Hair loss appears in different forms. Here are some of the most prevalent signs and symptoms:

Hair thinning on the scalp

Thinning occurs in both men and women. You may see it on different areas of the scalp. In men, it’s often the hairline that’s receding, while women often notice a wider part.

Pattern hair loss

Androgenic alopecia, which emerges in patches and circular patterns, is the most common type of hair loss for men and women. This is referred to as male and female pattern baldness. While men may have completely bald spots, women usually have general thinning throughout.

Scaling and redness

With some medical conditions, such as psoriasis and eczema, long-term scaling or hardening of the skin can cause hair loss.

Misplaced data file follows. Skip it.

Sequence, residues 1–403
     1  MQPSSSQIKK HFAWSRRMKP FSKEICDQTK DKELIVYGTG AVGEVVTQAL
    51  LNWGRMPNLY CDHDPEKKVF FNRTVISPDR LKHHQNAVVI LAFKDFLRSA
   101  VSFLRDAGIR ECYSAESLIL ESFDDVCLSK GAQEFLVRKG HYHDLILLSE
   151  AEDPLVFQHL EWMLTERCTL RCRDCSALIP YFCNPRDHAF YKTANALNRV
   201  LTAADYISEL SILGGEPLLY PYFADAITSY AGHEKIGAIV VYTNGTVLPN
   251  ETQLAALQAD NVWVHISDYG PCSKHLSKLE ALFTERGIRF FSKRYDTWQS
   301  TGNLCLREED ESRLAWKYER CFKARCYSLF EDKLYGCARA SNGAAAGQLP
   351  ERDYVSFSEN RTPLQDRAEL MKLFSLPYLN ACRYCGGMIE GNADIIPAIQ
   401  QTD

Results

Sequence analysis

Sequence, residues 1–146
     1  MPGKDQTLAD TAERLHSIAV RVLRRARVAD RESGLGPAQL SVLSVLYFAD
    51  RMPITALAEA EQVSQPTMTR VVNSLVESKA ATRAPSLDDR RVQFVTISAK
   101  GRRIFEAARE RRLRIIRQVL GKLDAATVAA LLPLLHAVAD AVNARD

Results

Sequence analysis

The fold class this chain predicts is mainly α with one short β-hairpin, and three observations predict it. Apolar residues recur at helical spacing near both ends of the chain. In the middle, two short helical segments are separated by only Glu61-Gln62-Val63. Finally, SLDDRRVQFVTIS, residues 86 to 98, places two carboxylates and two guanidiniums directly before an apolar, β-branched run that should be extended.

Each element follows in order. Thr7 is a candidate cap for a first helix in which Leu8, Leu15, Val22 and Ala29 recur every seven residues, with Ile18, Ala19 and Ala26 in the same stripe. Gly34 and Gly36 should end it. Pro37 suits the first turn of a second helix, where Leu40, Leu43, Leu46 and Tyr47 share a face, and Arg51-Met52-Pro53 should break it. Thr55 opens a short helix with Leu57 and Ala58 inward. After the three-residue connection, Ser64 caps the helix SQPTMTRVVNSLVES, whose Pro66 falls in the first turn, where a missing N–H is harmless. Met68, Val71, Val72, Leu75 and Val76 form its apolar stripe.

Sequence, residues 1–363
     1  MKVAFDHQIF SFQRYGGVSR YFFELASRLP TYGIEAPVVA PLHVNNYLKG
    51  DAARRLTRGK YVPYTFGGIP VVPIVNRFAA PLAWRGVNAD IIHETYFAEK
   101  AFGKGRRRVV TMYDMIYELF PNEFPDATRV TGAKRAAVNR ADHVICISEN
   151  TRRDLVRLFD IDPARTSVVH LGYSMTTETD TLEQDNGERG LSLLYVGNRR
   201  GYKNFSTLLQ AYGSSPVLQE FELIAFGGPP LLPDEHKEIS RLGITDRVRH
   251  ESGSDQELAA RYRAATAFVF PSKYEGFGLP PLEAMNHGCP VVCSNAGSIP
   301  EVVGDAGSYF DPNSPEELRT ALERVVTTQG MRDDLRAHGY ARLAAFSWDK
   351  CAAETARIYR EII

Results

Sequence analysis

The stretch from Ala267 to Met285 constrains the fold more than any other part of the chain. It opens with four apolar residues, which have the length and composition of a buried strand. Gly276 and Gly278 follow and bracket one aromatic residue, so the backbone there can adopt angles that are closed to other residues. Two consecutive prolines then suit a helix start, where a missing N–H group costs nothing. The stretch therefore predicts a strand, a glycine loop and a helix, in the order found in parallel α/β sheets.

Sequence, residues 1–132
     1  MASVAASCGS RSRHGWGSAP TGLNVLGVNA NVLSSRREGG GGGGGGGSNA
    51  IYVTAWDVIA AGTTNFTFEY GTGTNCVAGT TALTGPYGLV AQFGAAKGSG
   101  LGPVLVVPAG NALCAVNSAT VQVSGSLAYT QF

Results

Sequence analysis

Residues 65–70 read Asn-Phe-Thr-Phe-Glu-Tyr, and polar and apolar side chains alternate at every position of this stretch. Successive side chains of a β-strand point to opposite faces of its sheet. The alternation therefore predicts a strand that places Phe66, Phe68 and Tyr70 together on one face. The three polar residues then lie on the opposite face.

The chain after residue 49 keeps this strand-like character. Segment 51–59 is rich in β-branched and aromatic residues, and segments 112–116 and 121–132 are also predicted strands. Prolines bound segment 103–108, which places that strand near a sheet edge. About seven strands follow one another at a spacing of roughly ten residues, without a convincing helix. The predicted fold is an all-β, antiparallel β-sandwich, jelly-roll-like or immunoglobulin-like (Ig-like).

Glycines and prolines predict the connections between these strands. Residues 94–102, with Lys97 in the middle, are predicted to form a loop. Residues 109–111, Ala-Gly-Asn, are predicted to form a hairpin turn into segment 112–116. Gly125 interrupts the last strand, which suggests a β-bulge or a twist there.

Complete hair loss

An autoimmune disorder, alopecia areata can result in hair loss over the entire body.

How Can I Check Hair Fall at Home?

If you have anxiety about how much hair loss is normal, these are two simple tests to perform at home:

  • Comb test: Standing over a light-colored surface, comb your hair from back to front with your head tipped forward. After a minute of combing, check the number of hair strands that have come out. If the number exceeds 10 to 15, this may be a sign of abnormal hair loss.
  • Pull test: Take a section of hair between your fingers. As you move your fingers through, gently pull the hair. If more than 15 to 20 strands are in your hand, this may indicate an abnormal amount of hair fall.

Before you panic, remember that most conditions, even genetic ones, have solutions.